Warnings/Precautions

Concerns related to adverse effects:

• Anaphylactoid/hypersensitivity reactions: Immediate treatment (including epinephrine 1 mg/mL) for anaphylactoid and/or hypersensitivity reactions should be available during vaccine use (ACIP [Kroger 2017]).

• Syncope: Syncope has been reported with use of injectable vaccines and may result in serious secondary injury (eg, skull fracture, cerebral hemorrhage); typically reported in adolescents and young adults and within 15 minutes after vaccination. Procedures should be in place to avoid injuries from falling and to restore cerebral perfusion if syncope occurs (ACIP [Kroger 2017]).

Concurrent drug therapy issues:

• Vaccines: In order to maximize vaccination rates, the ACIP recommends simultaneous administration (ie, >1 vaccine on the same day at different anatomic sites) of all age-appropriate vaccines (live or inactivated) for which a person is eligible at a single clinic visit, unless contraindications exist (ACIP [Kroger 2017]).

Special populations:

• Adults: Not intended for use in patients >16 years of age.

• Altered immunocompetence: Use is contraindicated in severely immunocompromised patients (eg, patients receiving chemo-/radiation therapy or other immunosuppressive therapy [including high-dose corticosteroids]); may have a reduced response to vaccination or may have an adverse event secondary to replication.

• Persons not previously infected with dengue virus: Do not administer to persons not previously infected with dengue virus; administration to these persons is associated with an increased risk of severe dengue disease when the vaccinated individual is subsequently infected with any dengue virus serotype. Prior to vaccination, evaluate individuals for prior dengue infection (ie, documentation of previous laboratory-confirmed infection or perform serotesting).

Other warnings/precautions:

• Appropriate use: Only for use in patients with laboratory-confirmed previous dengue infection and living in endemic areas.

• Effective immunity: Vaccination may not result in effective immunity in all patients. Response depends upon multiple factors (eg, type of vaccine, age of patient) and may be improved by administering the vaccine at the recommended dose, route, and interval. Vaccines may not be effective if administered during periods of altered immune competence (ACIP [Kroger 2017]).

Monitoring Parameters

Observe for anaphylaxis and syncope for 15 minutes following administration (ACIP [Kroger 2017]). If seizure-like activity associated with syncope occurs, maintain patient in supine or Trendelenburg position to reestablish adequate cerebral perfusion.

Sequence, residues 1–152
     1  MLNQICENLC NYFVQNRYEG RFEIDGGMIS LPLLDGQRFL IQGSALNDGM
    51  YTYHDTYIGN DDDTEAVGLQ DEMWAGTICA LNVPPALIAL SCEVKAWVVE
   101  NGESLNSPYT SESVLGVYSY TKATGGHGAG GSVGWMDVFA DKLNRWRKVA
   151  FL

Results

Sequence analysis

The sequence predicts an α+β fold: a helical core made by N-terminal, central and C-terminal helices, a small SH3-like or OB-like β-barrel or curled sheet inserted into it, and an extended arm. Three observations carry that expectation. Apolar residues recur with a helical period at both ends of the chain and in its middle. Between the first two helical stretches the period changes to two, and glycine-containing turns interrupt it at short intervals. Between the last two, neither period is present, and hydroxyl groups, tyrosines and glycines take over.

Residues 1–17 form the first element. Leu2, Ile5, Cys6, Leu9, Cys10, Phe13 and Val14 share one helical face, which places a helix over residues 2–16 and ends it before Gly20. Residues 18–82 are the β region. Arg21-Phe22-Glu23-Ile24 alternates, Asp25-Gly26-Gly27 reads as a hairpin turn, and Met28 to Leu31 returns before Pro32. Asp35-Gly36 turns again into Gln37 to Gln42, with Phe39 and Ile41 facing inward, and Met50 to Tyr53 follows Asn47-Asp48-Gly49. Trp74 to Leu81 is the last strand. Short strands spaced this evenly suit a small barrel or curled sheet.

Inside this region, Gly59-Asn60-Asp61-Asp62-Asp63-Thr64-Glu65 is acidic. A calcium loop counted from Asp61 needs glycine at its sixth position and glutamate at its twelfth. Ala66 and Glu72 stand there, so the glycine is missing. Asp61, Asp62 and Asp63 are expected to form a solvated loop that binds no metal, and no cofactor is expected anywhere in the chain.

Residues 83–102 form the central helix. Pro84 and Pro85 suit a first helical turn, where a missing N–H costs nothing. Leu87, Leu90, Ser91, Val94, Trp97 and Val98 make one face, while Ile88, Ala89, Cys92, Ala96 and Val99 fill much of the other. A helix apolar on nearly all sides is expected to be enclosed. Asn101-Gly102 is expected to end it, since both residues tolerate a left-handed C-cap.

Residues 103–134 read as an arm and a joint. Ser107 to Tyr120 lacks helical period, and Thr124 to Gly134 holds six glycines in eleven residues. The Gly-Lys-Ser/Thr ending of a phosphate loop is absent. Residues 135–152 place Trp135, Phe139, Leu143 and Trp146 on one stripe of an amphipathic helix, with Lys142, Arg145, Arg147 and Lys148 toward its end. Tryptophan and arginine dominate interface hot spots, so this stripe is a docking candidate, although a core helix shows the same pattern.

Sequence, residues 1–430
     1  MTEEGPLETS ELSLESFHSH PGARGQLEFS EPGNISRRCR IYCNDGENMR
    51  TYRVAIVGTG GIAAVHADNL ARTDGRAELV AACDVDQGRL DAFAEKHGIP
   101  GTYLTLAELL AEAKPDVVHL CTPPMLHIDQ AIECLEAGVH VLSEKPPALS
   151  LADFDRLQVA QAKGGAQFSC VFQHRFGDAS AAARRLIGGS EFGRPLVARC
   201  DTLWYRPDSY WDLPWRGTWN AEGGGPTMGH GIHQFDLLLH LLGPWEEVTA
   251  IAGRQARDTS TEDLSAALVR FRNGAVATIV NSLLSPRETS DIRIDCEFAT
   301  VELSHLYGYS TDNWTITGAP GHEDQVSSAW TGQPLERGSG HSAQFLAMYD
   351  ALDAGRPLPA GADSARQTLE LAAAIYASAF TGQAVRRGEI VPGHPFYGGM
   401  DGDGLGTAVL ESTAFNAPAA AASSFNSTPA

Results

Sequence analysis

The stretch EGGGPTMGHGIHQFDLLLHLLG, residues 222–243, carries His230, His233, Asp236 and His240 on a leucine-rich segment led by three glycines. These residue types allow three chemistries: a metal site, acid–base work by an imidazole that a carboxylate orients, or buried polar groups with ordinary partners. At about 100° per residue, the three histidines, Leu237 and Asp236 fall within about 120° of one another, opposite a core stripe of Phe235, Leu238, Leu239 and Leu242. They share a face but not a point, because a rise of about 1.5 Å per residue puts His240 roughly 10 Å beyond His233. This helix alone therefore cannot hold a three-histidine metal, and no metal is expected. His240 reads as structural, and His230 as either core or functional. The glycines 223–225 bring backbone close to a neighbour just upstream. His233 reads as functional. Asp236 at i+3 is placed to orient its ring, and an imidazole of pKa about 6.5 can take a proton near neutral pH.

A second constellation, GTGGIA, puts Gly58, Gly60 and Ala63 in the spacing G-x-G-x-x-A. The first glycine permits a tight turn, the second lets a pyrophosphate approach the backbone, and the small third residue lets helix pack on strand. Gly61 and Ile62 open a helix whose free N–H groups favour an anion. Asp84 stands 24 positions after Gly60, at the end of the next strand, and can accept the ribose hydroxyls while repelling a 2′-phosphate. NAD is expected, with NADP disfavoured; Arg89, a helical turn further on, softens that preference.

Pregnancy Considerations

Information related to the use of dengue tetravalent vaccine (live) in pregnancy is limited (Skipetrova 2018). It is not known if the live virus from this vaccine can be transmitted from mother to fetus; however, vertical transmission of dengue virus has been reported in infected females with viremia at delivery

Maternal infection with dengue virus may increase the risk of adverse pregnancy outcomes.

Data collection to monitor pregnancy and infant outcomes following maternal immunization with dengue tetravalent vaccine (live) is ongoing. Healthcare providers are encouraged to enroll females vaccinated during pregnancy in the Pregnancy Registry (800-822-2463); females may also enroll themselves.

Patient Education

• Discuss specific use of drug and side effects with patient as it relates to treatment. (HCAHPS: During this hospital stay, were you given any medicine that you had not taken before? Before giving you any new medicine, how often did hospital staff tell you what the medicine was for? How often did hospital staff describe possible side effects in a way you could understand?)

• Patient may experience muscle pain; headache; loss of strength and weakness; or injection site pain, redness, or edema. Have patient report immediately to prescriber dizziness or passing out (HCAHPS).

• Educate patient about signs of a significant reaction (eg, wheezing; chest tightness; fever; itching; bad cough; blue skin color; seizures; or swelling of face, lips, tongue, or throat). Note: This is not a comprehensive list of all side effects. Patient should consult prescriber for additional questions.

Intended Use and Disclaimer: Should not be printed and given to patients. This information is intended to serve as a concise initial reference for health care professionals to use when discussing medications with a patient. You must ultimately rely on your own discretion, experience, and judgment in diagnosing, treating, and advising patients.

Further information

Always consult your healthcare provider to ensure the information displayed on this page applies to your personal circumstances.

Related questions

More about dengue vaccine

Professional resources

Other brands: Dengvaxia